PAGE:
Seminar - Peter Mora - The Lattice Solid DEM: advances in understanding the complex system dynamics of discontinuous solids and earthquakes
Wednesday 14 September 2011, 1.00 pm - 2.00 pm
Lecture Room 3, School of Civil Engineering
Prof. Peter Mora
The University of Queensland
One of the grand scientific challenges is that of earthquake forecasting. A long standing debate is centred around whether earthquake fault systems behave as a self-organised critical system, or whether they may behave like a critical point system in which there is a build up of correlations within the system prior to large earthquakes. If the former is true, then earthquakes cannot be forecast, whereas if the latter is true, then earthquake forecasting is an achievable goal. To address this goal, I have spent the last 20 years working towards building new numerical simulation models, research teams, multi-disciplinary international collaboration, and national research infrastructure via the Major National Research Facility Program to provide the means needed to achieve breakthroughs. This talk will be focussed on the Lattice Solid Model (LSM) developed by myself and my team, a parallelised particle-based model for studying the complex system behaviour of catastrophic rock failure and the multi-physics of earthquake and gouge dynamics.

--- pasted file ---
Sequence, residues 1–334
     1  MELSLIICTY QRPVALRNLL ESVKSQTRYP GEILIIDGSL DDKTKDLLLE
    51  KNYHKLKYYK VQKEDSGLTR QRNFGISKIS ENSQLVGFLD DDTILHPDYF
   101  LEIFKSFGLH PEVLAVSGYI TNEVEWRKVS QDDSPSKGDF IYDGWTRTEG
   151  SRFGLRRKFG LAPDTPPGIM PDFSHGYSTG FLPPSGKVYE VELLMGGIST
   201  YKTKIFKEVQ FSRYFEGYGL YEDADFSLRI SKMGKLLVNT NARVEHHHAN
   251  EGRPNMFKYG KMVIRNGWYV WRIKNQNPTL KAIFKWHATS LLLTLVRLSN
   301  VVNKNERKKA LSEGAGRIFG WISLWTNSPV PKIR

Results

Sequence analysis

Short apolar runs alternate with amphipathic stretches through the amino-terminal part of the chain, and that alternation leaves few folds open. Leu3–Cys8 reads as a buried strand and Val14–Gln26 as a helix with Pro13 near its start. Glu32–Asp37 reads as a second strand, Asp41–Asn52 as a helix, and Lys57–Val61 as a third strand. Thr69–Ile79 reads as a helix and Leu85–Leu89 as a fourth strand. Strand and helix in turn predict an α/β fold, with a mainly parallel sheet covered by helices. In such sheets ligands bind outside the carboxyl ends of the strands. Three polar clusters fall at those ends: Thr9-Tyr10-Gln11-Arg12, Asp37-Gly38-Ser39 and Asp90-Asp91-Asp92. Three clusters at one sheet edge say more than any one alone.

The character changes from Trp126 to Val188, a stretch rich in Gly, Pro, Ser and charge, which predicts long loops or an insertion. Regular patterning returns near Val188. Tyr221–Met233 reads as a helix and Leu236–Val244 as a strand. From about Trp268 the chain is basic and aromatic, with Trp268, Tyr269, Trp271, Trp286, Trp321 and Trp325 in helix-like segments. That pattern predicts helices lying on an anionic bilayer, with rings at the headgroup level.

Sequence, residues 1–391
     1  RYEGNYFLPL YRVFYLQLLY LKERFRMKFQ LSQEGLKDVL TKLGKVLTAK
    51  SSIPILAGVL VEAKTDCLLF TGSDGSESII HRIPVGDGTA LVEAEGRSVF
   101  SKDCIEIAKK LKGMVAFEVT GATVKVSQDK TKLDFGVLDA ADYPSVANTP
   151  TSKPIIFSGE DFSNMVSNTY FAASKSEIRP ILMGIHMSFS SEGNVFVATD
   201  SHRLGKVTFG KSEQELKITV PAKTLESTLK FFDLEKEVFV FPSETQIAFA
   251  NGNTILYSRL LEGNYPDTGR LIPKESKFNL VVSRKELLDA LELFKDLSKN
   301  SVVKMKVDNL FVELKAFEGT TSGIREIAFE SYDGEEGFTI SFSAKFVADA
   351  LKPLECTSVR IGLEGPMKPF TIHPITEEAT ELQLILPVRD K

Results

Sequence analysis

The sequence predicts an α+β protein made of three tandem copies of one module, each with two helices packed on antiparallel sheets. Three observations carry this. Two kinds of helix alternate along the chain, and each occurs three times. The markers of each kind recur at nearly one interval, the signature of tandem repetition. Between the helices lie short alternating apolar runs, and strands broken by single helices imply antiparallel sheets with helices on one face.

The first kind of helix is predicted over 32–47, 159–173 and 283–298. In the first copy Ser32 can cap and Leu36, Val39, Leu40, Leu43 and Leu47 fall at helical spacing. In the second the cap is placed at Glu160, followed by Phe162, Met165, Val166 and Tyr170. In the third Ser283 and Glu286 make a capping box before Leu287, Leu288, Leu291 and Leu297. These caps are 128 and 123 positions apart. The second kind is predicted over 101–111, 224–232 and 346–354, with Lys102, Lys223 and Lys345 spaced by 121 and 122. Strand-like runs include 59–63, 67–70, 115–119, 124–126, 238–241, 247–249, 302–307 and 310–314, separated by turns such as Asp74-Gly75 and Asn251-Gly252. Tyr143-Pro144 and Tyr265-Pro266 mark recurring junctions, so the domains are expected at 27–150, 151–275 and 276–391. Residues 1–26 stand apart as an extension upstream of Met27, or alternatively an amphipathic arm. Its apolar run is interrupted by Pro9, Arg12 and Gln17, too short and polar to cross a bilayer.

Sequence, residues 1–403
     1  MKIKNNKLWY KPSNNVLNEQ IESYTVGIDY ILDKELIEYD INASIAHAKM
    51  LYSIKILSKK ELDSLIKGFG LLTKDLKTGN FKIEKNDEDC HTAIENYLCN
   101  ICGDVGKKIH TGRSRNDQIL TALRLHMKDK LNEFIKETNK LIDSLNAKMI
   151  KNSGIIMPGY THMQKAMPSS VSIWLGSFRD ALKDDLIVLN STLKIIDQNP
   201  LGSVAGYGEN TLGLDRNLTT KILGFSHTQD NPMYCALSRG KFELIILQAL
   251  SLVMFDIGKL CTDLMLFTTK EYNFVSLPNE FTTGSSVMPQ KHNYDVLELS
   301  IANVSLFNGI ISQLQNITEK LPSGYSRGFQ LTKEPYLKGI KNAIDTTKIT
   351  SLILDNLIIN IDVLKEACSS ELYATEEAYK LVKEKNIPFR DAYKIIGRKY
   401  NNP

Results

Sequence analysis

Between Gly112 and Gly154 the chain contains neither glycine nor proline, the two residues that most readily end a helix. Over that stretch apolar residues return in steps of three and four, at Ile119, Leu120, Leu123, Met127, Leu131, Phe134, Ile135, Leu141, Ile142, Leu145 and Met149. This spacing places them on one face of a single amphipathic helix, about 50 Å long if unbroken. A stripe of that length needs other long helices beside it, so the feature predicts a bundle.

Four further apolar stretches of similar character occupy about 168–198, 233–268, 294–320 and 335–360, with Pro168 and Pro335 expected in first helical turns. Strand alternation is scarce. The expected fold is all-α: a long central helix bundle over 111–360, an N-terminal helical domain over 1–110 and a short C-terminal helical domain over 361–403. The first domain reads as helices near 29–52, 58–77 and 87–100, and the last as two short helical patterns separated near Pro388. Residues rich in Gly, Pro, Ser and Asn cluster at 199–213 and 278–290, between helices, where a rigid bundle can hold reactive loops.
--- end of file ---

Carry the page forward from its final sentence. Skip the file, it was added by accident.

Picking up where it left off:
LSM simulations of a discontinuous elastodynamic system provide evidence in support of the Critical Point Hypothesis for earthquakes, and hence for the possibility for earthquake forecasting. Another proposed earthquake forecasting method is based on the assumption that the fault system in a given region may become critically sensitive prior to a large event. If so, then the response under loading and unloading should be different. Numerical simulations using the LSM demonstrate that the so called Load-Unload Response Ratio spikes prior to catastrophic failure of model rock samples under uniaxial compression thus supporting the LURR hypothesis. The growth in stress correlation length prior to major events and LURR simulation results provide the first realistic elasto-dynamic simulation based evidence in support of a physical mechanism for earthquake forecasting.
The talk will also present other capabilities of the LSM model including its ability to simulate thermo-mechanical and thermo-porous coupling; and a finite deformation contact model where all rotational degrees of freedom are included: torsion, shear and bending moments. The full degrees of freedom allow rock fracture simulations to match closely with laboratory experiments. A number of examples of rock fracture and mining engineering applications are presented including collapse, hydraulic fracturing, and particles in fluids.